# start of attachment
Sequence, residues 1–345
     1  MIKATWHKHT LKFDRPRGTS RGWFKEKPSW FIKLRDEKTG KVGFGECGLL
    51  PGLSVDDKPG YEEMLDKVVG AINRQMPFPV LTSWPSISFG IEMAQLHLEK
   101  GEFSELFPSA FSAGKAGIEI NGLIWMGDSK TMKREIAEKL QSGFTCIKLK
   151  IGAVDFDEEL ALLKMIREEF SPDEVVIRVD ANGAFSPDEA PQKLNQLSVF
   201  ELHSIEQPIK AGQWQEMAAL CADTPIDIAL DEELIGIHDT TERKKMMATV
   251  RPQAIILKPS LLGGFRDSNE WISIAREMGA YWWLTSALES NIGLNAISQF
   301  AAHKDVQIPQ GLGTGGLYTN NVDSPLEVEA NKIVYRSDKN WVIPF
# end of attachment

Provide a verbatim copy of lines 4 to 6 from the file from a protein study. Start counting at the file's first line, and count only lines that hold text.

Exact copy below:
   101  GEFSELFPSA FSAGKAGIEI NGLIWMGDSK TMKREIAEKL QSGFTCIKLK
   151  IGAVDFDEEL ALLKMIREEF SPDEVVIRVD ANGAFSPDEA PQKLNQLSVF
   201  ELHSIEQPIK AGQWQEMAAL CADTPIDIAL DEELIGIHDT TERKKMMATV